1994 Feinstone Environmental Awards
1994 Awards Recipients
Marie Aull has worked tirelessly to promote nature appreciation and environmental education for many years--she has literally and figuratively changed the landscape in the Dayton area. At the age of 97, she continues her volunteer efforts in several projects. Working with the National Audubon Society and the Dayton Audubon Society, she created the 200-acre Aullwood Audubon Center and Farm, which has had a professional staff for nearly 40 years. Her personal 30-acre wild and cultivated garden has been open to the public for some 70 years, and now has been given to the local park district, a district she helped create. She is a former Board Member of the National Audubon Society and has been active in many environmental organizations.
Dr. Frederick L. Brown
Dr. Frederick L. Brown has established a reputation throughout Michigan as a tireless and knowledgeable volunteer, leading many efforts to protect water resources in the state, and the Great Lakes. He led as president, the Michigan United Conservation Clubs, which is the largest state environmental organization in the U.S. He was a founder of Great Lakes United, served as president, and continues on their Board. He was appointed to three terms on the Michigan Water Resources Commission, where he served as chairman, and was a charter member of EPA's Advisory Group for the Great Lakes. His dedication has been boundless for 25 years working at the forefront of all the water battles in the state and region.
Emily H. Earley
A multi-faceted volunteer for over 30 years, Emily H. Earley began by working with the fledgling Wisconsin Chapter of The Nature Conservancy in the mid-1960s. A visionary, years ahead of her time, she recognized the crucial importance of stewardship on properties saved by the Conservancy. She personally produced master plans for the 30 properties then owned by the Chapter, and led the effort to put management plans in place. She encouraged the Chapter to hire a stewardship staff and devote a quarter of its budget to stewardship--a practice since adopted widely by the Conservancy nationally. Recently, she has been involved in conservation projects in Nicaragua. She is credited with the success of the Wisconsin Conservation Corps, a state project for youths, and has been instrumental in the success of the Sigurd Olson Environmental Institute, an outreach program of Northland College.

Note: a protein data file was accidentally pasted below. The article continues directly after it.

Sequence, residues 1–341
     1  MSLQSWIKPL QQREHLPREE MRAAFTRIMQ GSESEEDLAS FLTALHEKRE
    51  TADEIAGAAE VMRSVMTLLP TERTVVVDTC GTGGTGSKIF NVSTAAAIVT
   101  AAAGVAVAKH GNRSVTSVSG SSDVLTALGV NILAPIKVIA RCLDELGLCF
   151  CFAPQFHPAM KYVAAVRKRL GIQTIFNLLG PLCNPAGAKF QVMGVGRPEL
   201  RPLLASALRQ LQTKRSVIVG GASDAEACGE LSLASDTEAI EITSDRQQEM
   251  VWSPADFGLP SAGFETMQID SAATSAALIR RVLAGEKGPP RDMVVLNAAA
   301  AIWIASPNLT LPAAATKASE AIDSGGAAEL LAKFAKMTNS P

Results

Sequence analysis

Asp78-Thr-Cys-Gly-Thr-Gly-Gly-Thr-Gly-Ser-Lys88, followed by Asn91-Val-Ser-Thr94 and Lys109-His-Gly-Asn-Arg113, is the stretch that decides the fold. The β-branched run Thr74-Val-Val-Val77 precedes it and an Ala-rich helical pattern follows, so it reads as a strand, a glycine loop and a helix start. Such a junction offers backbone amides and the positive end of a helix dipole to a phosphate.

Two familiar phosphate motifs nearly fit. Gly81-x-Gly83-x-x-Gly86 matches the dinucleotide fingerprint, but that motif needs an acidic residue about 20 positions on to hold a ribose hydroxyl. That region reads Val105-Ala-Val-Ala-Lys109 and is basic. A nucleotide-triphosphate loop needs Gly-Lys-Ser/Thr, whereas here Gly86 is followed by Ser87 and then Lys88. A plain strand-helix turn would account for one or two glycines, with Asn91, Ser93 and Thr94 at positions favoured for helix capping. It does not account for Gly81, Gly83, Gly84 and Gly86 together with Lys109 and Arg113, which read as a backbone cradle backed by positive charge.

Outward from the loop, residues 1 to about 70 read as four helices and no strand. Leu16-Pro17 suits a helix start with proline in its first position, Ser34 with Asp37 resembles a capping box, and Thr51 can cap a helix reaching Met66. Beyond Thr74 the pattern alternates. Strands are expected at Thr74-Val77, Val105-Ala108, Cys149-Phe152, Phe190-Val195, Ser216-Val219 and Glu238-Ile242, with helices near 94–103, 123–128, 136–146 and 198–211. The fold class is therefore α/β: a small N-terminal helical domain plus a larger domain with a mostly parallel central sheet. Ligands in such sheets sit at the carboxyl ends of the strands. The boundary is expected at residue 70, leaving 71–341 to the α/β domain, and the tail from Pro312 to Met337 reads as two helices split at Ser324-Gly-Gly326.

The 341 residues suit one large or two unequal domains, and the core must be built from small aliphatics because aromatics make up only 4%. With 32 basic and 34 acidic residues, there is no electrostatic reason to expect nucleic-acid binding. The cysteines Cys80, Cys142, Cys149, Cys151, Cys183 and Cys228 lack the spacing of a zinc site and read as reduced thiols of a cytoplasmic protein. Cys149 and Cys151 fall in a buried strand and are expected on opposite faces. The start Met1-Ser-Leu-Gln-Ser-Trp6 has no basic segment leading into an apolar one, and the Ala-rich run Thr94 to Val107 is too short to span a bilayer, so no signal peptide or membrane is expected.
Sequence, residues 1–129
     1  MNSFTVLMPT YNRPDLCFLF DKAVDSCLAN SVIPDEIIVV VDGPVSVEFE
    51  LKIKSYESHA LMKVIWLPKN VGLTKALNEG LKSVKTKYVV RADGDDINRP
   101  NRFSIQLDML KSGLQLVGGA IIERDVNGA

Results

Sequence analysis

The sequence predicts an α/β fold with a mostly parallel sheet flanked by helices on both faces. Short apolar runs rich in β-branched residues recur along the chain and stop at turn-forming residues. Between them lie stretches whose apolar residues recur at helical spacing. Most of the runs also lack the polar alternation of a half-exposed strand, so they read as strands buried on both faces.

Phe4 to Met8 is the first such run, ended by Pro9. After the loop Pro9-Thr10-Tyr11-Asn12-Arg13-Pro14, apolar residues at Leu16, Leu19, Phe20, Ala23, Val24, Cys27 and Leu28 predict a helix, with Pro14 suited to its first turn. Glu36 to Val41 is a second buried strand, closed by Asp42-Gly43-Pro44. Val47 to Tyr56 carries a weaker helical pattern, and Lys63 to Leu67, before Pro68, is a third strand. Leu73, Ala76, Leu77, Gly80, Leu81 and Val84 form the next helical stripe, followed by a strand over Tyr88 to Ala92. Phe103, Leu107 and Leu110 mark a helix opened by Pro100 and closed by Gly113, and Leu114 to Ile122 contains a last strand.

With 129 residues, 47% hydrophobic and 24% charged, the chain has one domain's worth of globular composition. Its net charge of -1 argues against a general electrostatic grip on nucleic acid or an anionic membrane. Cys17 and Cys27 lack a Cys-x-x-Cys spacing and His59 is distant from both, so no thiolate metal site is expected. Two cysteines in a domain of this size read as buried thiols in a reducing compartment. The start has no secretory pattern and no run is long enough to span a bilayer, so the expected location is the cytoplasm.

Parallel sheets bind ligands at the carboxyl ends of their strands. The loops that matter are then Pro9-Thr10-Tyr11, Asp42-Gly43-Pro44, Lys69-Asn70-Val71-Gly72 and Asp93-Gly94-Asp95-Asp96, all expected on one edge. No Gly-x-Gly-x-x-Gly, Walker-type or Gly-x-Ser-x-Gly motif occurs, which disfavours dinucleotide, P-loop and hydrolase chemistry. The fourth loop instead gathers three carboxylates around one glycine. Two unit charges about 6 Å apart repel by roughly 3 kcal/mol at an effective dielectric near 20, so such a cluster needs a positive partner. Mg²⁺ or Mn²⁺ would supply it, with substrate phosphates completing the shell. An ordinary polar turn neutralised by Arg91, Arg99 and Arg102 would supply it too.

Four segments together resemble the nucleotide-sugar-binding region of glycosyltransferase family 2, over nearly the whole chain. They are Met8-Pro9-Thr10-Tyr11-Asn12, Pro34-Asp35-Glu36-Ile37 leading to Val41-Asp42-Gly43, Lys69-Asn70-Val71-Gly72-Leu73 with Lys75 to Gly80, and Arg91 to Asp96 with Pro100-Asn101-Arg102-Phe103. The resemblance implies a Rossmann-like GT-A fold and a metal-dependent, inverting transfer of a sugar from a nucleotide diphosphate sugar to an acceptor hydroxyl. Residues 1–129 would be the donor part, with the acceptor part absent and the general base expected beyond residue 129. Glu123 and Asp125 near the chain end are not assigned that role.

Dr. John H. Kaufmann
A volunteer for three decades, Dr. John H. Kaufmann has devoted an incredible amount of time and professional expertise to assure the success of several environmental campaigns in Florida. In restoring the Ocklawaha River to its free-flowing natural state, the Cross Florida Barge Canal was stopped and de-authorized, a 19-year battle. The focus then moved to the removal of the Rodman Dam, which has widespread support, but has stalled in the state Legislature. In the seemingly unending battle, Kaufmann and the Florida Defenders of the Environment are now building citizen coalitions to achieve their goal. Kaufmann continues as the "biological field general" in this huge voluntary undertaking.
Joseph H. Williams
A successful businessman, Joseph H. Williams has been a leading proponent and example that there should be no dichotomy between business and conservation. He chaired the first "National Forum on Growth with Environmental Quality?" nearly 25 years ago that brought together government, business and environmental leaders. He was founding chairman of the Oklahoma Chapter of The Nature Conservancy, and he chairs the Tallgrass Prairie Preserve Capital Campaign, a special interest of his that has raised $8 million. He founded the Sutton Avian Research Center, and is director of the Cornell Laboratory of Ornithology. He chairs The Nature Conservancy's Board of Governors, where he is guiding a shift of emphasis from species protection to landscape level conservation.
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